posted on Aug, 1 2012 @ 02:03 PM
reply to post by MoosKept240
I usually recommend SmartDefrag from IOBit. There's a defrag that comes with Advanced System Care--also from IOBit--but I'm pretty sure it's just a
kindergarten version. Go to download.cnet.com and search for defrag, and then in the lefthand pane, under "Narrow Your Results," check the "Free" box.
SmartDefrag should be right at the top of the list.
PhoenixOD's post is the first I've ever heard of vacuuming causing static buildup too. I do that a lot, so I guess I'd better find a different
A lot of people have recommended a new power supply. Apparently there are different schools of thought on this. For example, the following is from the
gaming board overclockers.com
One guy says this:
I don't think anything ages significantly in a PSU, except the fans and electrolytic capacitors. When the caps go bad, the ripple voltage goes up,
and the DC voltage drops, but the PSU electronics can compensate for the latter, up to a point.
All PSUs are supposed to contain protection against overcurrent, overpower, overvoltage, and undervoltage, but, because of poor design, the first two
protections don't always work. Some PSUs also have overtemperature protection, but most probably don't. In the case of my Ultra V-Series, Ultra said
that it had no temperature sensor for protection, but at about 55C the circuitry would inherently cut back on output.
And then another guy says this:
Power supplies are machines. They break down over time. Depending on the quality of its capacitors, mosfets, etc. ultimately determines how long
of a life you'll get out of the PSU.
For example, I was working my little brother's computer, he had a virus so I just went ahead an reinstalled windows, but before I did I checked out
the components just to see if they are still in working order, such as no swollen capacitors, no bad sectors in the HDD, etc.
I bought my brother's PC case over 2 years ago and it came with a PSU (which in itself is a good quality OEM PSU). I opened it up and found it had
swollen capacitors, even though the PC behaved normally. Of course, I went ahead and put in another PSU I had lying around just so that it doesn't
cause problems. Basically, that PSU lasted approximately 2 years, which for an OEM PSU is pretty good. Most of them do not make it to 1 year of
In my experience with computers as a technician. I've came across PSUs that cause artifacts on the screen, BSOD, HDD clicking, almost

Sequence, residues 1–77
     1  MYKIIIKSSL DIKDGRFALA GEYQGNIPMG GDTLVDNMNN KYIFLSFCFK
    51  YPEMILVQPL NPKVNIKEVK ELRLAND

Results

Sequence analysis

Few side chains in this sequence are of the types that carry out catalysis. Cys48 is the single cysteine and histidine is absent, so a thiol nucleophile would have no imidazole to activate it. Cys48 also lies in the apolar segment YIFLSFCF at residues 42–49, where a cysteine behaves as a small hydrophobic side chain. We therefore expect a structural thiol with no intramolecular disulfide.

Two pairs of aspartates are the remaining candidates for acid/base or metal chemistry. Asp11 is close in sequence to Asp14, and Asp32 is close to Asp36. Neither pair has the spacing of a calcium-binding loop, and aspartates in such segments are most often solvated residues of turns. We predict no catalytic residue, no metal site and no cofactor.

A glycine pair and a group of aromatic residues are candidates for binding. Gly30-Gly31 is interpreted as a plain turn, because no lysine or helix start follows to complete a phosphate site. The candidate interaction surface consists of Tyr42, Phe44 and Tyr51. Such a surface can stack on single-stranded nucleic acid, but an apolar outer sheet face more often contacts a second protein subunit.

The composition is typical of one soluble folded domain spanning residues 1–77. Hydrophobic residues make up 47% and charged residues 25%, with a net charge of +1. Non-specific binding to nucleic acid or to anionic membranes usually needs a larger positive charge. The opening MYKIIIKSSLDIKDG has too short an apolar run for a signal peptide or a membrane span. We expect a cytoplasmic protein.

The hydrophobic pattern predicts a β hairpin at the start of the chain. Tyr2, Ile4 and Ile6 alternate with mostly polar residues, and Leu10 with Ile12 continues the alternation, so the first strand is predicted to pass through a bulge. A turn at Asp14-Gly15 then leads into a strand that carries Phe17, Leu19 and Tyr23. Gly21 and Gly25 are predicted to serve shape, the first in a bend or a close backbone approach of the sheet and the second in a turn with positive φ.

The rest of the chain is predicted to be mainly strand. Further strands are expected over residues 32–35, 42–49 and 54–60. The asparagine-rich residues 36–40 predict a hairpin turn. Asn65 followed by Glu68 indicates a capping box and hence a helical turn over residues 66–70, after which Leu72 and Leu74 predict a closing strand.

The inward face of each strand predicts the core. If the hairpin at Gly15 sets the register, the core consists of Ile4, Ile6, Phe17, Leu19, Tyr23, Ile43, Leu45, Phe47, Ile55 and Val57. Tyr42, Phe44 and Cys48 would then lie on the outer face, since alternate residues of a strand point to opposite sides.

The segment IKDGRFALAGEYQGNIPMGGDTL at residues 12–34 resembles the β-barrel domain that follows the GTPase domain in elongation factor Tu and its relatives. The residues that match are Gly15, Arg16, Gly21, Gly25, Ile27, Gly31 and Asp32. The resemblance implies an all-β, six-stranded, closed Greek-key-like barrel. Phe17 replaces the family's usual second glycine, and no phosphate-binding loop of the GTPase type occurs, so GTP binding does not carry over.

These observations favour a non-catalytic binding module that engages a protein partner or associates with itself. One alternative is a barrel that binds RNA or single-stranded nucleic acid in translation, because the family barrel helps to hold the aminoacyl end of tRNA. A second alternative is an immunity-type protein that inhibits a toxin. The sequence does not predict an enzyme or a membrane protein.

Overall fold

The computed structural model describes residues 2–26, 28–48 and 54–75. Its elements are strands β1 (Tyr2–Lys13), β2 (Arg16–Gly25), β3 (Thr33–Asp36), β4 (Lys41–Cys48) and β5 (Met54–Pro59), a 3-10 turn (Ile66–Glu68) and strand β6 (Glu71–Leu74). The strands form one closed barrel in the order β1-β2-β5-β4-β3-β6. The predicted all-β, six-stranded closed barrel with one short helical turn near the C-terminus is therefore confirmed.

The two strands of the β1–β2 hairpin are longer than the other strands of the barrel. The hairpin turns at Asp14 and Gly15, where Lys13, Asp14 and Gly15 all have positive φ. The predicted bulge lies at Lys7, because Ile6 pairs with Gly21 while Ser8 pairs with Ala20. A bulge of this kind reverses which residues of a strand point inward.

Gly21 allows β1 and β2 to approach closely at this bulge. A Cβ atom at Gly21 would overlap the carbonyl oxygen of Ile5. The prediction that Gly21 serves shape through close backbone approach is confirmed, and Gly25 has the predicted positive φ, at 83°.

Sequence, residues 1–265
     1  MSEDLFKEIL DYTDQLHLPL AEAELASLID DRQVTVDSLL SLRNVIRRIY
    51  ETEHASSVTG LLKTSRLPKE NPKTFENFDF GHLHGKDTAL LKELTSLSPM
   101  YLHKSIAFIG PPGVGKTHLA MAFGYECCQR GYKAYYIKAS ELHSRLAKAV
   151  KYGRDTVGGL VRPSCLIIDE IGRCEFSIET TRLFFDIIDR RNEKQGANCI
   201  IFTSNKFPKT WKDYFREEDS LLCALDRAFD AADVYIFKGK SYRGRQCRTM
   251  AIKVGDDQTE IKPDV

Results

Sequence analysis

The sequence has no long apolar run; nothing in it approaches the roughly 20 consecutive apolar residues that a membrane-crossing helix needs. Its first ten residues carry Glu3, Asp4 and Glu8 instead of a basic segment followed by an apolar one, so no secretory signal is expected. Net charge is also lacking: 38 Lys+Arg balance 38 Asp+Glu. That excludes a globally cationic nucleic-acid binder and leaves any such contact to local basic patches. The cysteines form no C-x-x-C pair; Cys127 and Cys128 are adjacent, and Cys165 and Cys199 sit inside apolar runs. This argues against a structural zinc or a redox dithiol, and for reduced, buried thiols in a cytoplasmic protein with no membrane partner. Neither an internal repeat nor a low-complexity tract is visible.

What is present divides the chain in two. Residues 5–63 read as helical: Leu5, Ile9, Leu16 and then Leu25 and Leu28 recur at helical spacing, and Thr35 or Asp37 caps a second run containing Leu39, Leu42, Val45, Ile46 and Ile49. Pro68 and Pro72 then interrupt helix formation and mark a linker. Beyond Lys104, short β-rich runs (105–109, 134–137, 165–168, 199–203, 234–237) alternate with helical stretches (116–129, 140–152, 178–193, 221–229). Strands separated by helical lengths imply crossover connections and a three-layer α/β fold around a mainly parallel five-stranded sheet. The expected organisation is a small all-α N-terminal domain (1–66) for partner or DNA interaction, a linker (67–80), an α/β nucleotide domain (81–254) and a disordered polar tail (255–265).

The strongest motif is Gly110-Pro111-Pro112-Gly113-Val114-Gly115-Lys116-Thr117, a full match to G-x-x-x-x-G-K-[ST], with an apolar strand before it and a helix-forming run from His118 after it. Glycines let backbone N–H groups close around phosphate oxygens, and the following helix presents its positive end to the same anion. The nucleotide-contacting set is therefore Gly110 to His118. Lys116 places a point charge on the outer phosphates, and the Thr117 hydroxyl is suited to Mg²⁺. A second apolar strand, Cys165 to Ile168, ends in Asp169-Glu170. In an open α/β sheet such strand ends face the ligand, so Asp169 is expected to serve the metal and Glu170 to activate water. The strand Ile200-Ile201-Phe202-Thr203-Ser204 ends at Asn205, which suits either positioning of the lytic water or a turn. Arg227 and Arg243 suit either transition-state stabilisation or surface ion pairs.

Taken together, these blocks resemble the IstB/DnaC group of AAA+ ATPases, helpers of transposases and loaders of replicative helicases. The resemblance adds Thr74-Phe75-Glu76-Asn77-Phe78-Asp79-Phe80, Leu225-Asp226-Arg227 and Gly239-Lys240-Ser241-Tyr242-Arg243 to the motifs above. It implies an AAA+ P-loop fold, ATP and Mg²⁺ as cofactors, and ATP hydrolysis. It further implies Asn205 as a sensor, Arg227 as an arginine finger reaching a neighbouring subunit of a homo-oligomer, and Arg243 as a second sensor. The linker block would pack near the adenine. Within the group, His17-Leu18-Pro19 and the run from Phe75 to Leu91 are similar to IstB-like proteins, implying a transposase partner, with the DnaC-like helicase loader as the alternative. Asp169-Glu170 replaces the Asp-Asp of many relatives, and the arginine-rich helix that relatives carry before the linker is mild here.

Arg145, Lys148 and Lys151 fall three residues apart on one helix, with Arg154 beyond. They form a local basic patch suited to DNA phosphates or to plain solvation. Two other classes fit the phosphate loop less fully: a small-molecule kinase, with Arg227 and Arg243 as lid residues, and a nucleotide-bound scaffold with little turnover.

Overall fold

ANY problem that can be caused by bad video card, or RAM, etc. can also be caused by a faulty PSU.
So when you are experience problems, you should consider the PSU as the culprit, but the only way to tell is if the problem recreates itself with
Other determining factors of a bad PSU are:
-internal PSU fan stops moving
-randomly turns on by itself
So i'm going to capitulate: If you can, buy a new power supply. The one you have is probably as old as the computer anyway.
There are also some saying that Dell uses proprietary power supplies. They did, in fact, use a proprietary wiring/color-coding system (the wires were
ordered differently and colored differently) on some PSUs, in the PIIs and PIIIs, that I know of. I thought they ended that practice with the P4s; but
I may be wrong. In any case, here's Dell's $29 OEM power supply
specifically for your machine:
Dell Part# 2N333
By the way, here are the Technical Specifications
. They say you can
have up to 2GB of PC800 or 1.5GB of PC1066 RAM. If you decide to upgrade to a full 2GB, you need to pull the RAM from the sockets and find out how
much you have of what; you could have as little as 1GB and still have 4 full slots. (The BIOS should also tell you what banks are occupied, and how
much RAM in each. But it probably won't tell you what type.)
I'm tired of typing now. I got your U2U, so if there are any other details you need to discuss I'll meet you there....
edit on 8/1/2012 by Ex_CT2 because: (no reason given)